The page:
He was Deputy Head of Price’s from 1963 until his retirement in 1972. By this time the school had grown, and in particular the sixth form had become much larger and stronger. He carried his responsibility with the same happy blend of humour and firmness that he had always shown, and never over-reacted when pupils were referred to him for disciplinary reasons. (These days the epithet laid-back might be used to describe his calm approach.) Tom seemed to know everybody, and apparently never forgot a name or a face, even years after people had left school.  For their part, his ex-pupils never forgot that he had trusted them and their abilities, and had noticed and praised their achievements.

He and Peggy celebrated their 65th wedding anniversary two years ago. They regularly attended Old Priceans’ functions until very recently, and the affection in which they were held was plain to see at these gatherings. They had a large family made up of the many pupils of Price’s who had known and admired Tom, and not a few of these enjoyed a pint (of mild, in Tom’s case) with him in his local after they had left school. In the Old Pricean grace “we give thanks for the comradeship we have found in the family of Price’s, and for friends and mentors absent today, though present with us in spirit.”  Tom played an important part in the formation and continuation of that family.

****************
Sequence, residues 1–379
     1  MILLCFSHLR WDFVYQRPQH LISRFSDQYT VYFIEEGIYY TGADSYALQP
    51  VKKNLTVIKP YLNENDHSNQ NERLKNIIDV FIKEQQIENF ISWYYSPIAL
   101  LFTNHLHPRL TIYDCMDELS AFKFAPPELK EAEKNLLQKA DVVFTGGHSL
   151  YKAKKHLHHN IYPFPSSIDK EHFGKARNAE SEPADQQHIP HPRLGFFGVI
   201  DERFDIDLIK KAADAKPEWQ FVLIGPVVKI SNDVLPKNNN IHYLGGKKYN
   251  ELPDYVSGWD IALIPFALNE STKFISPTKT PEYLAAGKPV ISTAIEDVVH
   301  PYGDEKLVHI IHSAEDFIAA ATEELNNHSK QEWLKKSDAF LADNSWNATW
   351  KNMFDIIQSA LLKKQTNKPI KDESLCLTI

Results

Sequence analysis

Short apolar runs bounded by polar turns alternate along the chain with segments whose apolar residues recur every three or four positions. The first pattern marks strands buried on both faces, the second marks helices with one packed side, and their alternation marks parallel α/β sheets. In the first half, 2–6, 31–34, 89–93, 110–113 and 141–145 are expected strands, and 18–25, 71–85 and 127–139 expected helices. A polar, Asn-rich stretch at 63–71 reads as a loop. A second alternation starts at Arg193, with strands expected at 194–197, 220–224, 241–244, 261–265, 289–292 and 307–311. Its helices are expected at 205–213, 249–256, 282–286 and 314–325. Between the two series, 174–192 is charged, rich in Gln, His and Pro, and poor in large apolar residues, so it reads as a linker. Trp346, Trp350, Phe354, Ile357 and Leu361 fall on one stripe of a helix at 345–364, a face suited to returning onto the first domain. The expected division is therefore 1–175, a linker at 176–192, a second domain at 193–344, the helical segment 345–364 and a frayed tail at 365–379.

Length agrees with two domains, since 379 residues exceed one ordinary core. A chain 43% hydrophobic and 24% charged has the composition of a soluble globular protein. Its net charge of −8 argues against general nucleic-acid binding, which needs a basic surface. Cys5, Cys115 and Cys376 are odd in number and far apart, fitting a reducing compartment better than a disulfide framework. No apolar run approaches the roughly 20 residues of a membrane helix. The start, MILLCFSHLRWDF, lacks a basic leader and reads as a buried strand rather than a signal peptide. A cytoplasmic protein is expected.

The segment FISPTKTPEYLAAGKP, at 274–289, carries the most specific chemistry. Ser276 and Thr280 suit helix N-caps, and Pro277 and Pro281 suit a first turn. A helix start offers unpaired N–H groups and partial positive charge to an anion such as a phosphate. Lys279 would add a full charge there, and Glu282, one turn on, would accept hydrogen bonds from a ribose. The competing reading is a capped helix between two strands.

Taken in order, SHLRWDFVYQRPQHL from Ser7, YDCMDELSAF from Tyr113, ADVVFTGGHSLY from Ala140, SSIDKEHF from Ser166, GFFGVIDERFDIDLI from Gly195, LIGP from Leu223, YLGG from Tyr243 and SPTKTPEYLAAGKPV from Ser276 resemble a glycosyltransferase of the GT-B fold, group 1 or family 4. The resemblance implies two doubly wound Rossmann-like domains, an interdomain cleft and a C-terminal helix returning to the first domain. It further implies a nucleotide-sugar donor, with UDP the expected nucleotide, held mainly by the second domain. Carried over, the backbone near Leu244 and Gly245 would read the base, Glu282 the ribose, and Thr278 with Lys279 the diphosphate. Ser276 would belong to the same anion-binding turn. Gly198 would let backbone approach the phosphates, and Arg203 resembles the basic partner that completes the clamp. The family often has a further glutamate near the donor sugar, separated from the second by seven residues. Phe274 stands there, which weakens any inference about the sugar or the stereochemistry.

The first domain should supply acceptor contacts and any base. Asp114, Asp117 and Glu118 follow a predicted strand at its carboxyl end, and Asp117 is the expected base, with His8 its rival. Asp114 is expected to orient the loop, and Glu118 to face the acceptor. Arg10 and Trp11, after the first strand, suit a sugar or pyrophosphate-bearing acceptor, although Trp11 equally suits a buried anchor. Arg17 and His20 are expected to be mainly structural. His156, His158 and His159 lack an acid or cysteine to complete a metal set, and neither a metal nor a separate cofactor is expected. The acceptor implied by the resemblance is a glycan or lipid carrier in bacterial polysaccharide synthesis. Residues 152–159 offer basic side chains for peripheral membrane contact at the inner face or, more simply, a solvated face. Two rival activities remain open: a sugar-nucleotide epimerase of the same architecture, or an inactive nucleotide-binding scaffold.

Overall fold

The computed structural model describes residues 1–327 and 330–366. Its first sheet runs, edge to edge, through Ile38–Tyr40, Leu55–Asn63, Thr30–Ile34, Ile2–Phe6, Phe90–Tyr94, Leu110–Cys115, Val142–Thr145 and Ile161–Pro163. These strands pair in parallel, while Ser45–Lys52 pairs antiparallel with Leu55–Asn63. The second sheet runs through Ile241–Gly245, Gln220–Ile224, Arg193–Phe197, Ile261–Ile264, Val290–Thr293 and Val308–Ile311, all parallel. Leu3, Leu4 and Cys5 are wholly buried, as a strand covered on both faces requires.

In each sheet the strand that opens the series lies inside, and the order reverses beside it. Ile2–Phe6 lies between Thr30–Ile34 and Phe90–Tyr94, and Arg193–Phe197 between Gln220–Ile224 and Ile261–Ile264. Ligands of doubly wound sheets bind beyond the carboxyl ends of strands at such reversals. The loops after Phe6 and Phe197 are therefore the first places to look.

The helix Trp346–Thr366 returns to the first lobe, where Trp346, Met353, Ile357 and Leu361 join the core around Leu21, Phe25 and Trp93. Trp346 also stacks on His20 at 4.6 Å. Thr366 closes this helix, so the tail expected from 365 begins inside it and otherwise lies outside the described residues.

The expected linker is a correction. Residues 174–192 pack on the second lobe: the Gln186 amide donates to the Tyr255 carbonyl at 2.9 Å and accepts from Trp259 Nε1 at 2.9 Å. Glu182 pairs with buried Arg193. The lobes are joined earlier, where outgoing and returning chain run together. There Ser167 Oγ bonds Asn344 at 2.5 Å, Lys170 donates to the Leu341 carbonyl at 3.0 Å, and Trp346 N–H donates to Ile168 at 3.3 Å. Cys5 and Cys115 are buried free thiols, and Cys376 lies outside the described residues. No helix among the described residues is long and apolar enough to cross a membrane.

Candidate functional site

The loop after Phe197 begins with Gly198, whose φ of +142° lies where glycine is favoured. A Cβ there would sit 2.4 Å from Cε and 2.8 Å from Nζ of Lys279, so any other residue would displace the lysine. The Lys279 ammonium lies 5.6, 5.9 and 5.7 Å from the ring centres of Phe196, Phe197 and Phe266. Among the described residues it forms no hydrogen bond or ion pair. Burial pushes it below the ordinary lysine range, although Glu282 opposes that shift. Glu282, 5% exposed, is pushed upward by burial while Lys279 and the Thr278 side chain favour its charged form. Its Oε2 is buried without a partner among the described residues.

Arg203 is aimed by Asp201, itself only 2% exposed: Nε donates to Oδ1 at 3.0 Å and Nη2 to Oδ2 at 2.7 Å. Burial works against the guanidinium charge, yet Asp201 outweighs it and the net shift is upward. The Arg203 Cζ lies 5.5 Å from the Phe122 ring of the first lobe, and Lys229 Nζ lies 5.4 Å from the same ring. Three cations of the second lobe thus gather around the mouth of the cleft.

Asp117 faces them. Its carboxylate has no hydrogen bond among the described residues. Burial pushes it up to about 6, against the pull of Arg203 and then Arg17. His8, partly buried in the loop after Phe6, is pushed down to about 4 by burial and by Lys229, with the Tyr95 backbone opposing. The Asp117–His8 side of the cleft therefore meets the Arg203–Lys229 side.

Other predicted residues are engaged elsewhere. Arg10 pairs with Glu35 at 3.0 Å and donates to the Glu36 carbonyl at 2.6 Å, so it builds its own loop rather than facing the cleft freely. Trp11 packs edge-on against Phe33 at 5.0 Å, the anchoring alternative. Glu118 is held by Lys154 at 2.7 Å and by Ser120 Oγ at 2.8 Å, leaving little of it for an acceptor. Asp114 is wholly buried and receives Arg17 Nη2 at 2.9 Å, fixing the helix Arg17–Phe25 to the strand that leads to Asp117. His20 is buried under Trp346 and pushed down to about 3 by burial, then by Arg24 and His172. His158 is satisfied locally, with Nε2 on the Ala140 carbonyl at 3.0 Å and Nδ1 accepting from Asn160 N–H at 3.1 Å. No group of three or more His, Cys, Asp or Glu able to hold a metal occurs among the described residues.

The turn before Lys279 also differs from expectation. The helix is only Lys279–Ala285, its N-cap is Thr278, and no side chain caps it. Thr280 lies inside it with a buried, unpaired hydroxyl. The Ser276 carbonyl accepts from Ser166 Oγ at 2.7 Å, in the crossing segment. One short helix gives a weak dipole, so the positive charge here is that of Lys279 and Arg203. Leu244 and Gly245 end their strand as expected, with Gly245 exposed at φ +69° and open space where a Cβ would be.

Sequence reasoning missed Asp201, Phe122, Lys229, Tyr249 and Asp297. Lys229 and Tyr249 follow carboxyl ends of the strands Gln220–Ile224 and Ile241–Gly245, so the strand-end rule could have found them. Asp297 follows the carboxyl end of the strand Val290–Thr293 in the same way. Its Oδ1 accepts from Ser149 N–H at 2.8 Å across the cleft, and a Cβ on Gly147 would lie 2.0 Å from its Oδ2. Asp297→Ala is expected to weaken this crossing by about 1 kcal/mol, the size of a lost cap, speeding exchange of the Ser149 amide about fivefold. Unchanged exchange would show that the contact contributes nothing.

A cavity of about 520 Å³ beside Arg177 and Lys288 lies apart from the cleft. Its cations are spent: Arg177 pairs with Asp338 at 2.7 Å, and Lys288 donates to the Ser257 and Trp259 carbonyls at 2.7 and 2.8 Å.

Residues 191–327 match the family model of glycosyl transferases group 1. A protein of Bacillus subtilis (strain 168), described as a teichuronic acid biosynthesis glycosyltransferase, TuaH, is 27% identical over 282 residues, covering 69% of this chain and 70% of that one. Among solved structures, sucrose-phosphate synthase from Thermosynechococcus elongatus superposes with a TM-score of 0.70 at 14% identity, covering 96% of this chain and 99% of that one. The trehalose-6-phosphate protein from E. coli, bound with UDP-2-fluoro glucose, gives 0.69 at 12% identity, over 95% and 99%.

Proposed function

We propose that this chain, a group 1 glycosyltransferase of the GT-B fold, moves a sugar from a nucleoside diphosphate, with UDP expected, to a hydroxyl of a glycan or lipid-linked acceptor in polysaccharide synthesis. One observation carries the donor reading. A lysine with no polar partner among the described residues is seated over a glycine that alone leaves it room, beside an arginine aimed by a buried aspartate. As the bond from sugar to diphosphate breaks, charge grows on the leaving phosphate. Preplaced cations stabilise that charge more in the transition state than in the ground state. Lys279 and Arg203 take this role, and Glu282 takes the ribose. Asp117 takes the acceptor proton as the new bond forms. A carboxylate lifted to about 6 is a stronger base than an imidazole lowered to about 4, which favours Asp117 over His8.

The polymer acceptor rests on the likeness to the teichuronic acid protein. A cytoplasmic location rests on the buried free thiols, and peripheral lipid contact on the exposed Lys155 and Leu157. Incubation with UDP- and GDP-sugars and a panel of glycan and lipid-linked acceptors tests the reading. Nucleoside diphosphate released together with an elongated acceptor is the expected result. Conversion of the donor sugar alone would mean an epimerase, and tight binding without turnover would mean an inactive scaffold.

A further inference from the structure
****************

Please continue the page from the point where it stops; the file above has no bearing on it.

And now that, for Tom, “the busy world is hushed and the fever of life is over, and his work is done,” we pray that he is granted “a safe lodging, and a holy rest, and peace at the last.

Tom was the longest-lived of the staff who taught in those years after the war. The end of an era was marked when he died peacefully on 11th January, aged 93. To Peggy especially, and also to their relatives, goes deepest and most sincere sympathy from all who know them.

Patrick Nobes  30 Jan 06

Tim Foster also spoke of his Godfather, Tom Hilton, at the funeral:

Mike Bayliss, Tom Hilton, Patrick Nobes and "Gunga" Garton 1989

It is appropriate and fitting that Tom’s life has been commemorated by his extraordinary commitment to Price’s School. It is by these things that he is known, and by his influence and mentorship to different generations of pupils and students. This has spread out and beyond this place and into the lives and the families of those pupils who knew him.

It is however the life that he made with his wife Peggy and their life together which has supported and shaped so much of Tom’s sense of duty and responsibility. In so many ways, Toms involvement with the complexity of the transformation of Prices during the mid twentieth century was one in which the presence of his life and work were co-located and strengthened by his devotion to Peggy.